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Calling all dogs — the center wants your pet

Dogs, dogs, dogs.

Do you have one that you adore? Well, if so, Thingamajig Theatre Company would like to borrow yours for a while. Or a photo of your dog at least.

We are looking for a dog that can master being beautiful, soulful and mischievous all in one photo to star in our upcoming live theater production of “Sylvia,” which opens June 24 and runs through July 17 at the Pagosa Springs Center for the Arts.

The chosen dog will win two tickets for its owners to enjoy the hilarious comedy about a man, the dog who adopts him and his less than thrilled wife. Or, if you are an artist and the dog that you adore is a work of art, the Pagosa Springs Center for the Arts is issuing an open call to artists to fill the walls of their 7,000 square-foot gallery with pieces for their upcoming art show, “A Dog’s Life.” Artists can bring in their work on June 12 from 2-6 p.m. and June 13 from 4-7 p.m. All mediums, including photography and small craft works, are encouraged for this show.


AR Gurney is a master of delightful comedies and “Sylvia,” which starred Sarah Jessica Parker when it opened on Broadway, is one of his biggest crowd pleasers, partly for obvious reasons — being about man’s best friend. But also because it’s purely delightful, very funny, beautifully written, and is about the themes in life that never get stale: keeping a long-term marriage together, keeping boredom at bay, searching for that elusive thing called happiness, and ultimately connecting and being heard.

 I( Laura Moore) play Sylvia, the sassy and endearing stray dog Greg (Tim Moore) finds abandoned in New York’s Central Park and brings home to the chagrin of his wife Kate (Lizz Baldwin). Thingamajig Theatre is proud to announce the Pagosa Springs debut of one of Denver gifted comedic actors, Robin Hebert who performs three humorous roles: Tom — a guy’s guy who befriends Greg in the park while Sylvia plays, and later does the deed, with his dog Bowser; Phyllis, Kate’s socialite friend, who lends Kate her ear as she becomes increasingly jealous of Sylvia, admitting, “I think I hate Sylvia — I never thought I could hate anyone but Nixon;” and Leslie, the over-the-top androgynous psychotherapist who counsels Greg and Kate.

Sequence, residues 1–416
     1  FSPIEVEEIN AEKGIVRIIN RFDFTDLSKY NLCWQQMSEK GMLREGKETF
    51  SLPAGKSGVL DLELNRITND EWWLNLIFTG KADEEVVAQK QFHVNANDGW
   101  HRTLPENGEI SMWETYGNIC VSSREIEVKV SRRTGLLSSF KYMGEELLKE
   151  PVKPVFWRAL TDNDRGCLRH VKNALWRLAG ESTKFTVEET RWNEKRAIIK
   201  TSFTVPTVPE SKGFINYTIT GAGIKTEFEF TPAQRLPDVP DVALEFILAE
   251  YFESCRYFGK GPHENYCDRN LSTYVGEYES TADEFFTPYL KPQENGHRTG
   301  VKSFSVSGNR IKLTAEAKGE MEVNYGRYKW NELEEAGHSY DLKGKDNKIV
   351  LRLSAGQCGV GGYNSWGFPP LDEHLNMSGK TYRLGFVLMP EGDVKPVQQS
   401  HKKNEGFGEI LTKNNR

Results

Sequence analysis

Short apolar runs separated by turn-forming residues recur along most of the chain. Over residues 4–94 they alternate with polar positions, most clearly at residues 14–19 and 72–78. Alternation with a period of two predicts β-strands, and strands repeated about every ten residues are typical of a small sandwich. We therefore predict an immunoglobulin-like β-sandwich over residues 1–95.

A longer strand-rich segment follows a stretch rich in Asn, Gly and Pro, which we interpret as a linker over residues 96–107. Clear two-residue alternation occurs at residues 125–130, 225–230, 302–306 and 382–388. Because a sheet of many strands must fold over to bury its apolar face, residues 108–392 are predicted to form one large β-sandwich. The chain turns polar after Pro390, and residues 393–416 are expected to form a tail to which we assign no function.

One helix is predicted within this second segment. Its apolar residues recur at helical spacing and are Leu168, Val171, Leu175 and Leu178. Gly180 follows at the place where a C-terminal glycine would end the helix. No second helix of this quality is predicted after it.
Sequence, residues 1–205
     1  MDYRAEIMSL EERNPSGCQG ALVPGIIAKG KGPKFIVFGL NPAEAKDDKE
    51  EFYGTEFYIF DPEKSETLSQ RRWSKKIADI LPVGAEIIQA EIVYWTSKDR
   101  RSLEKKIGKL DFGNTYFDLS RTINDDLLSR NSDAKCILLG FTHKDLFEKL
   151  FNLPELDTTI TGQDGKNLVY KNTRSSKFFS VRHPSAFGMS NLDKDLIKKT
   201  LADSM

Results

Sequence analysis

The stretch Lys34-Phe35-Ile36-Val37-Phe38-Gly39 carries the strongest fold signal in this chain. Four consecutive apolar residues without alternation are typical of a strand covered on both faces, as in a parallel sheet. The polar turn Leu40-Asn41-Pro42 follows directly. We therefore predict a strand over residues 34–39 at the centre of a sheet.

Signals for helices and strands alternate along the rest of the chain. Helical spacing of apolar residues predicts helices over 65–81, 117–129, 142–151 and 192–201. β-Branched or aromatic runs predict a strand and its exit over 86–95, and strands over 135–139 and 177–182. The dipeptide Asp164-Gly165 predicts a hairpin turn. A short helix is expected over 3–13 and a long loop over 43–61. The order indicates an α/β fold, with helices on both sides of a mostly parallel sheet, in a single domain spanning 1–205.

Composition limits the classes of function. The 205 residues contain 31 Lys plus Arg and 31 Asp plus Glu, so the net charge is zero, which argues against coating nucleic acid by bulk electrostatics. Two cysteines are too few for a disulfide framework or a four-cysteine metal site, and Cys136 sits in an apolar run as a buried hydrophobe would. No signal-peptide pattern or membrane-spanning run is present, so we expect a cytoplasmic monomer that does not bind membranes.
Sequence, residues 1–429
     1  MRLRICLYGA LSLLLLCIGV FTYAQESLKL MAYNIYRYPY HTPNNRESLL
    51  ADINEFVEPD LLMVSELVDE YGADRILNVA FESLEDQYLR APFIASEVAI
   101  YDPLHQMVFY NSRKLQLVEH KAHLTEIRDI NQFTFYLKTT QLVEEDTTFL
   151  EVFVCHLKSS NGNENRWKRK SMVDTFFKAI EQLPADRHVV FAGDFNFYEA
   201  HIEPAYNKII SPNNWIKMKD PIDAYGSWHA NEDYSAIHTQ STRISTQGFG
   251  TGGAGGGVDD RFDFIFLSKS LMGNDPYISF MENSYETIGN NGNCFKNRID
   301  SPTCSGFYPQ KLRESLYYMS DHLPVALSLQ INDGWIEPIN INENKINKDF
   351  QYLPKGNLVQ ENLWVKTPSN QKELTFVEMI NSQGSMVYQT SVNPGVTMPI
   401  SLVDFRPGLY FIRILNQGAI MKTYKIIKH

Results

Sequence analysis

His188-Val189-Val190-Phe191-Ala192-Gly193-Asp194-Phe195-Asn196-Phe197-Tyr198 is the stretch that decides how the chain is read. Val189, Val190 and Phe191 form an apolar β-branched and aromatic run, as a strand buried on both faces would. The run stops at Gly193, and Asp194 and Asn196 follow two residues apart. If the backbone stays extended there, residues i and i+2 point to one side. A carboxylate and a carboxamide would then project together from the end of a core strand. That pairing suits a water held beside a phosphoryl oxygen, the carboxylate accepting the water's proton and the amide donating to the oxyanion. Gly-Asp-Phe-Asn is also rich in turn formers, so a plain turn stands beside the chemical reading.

People have asked me several times after they heard that I was playing a dog in the upcoming show, if I will be dress up in a dog costume, with ears, fur and a tail. The answer is no. The genius in “Sylvia” is that Gurney wrote it for the actor to appear human, not wearing a dog costume, which not only leaves more up to our imaginations, but because we personify our pets, seeing Sylvia as an actual woman, acting like a dog, makes us see her relationship with Greg and Kate on a deeper, psychological level, and also brings out the absurdities in the ways we relate to our canine friends. As Sylvia and Greg become more like lovers than pet and owner, sexy skirts and high heels replace Sylvia’s shorts and kneepads.

 Greg is unhappy in a job that has become increasingly more abstract and less hands-on and Sylvia comes along just when he needs something real, something tangible that gives his life purpose. Kate, on the other hand is finally able to seriously pursue a teaching career with the last kid off to college and doesn’t want the responsibilities of dog ownership now that she finally has her freedom.

 Greg and Kate become polarized over Sylvia, unable to compromise.

 “You’ve managed to chew a huge hole in a 17-year-old marriage,” Kate says to Sylvia, whom she purposely-accidentally calls Saliva, unable to offer Greg the same unconditional love he gets from his new dog. But ultimately the couples’ love and long-term commitment overcomes their self-interest and when they start to give and get what they need from one another, Sylvia’s role in their lives is gently put into perspective.

“Sylvia” is a frolicking tour de force and a great lesson in what we can learn from our dogs about ourselves. And you will probably never look at your dog the same way again after you see this play.

Tickets are available on the website or by calling 731-SHOW. Shows run Thursdays-Saturdays at 7 p.m. and Sundays at 2 p.m. The doors to the gallery and box office are open hours before show time and coming early for a show is highly encouraged to enjoy the gallery, live music and a glass of wine or perhaps the show drink — a “Salty Dog.”

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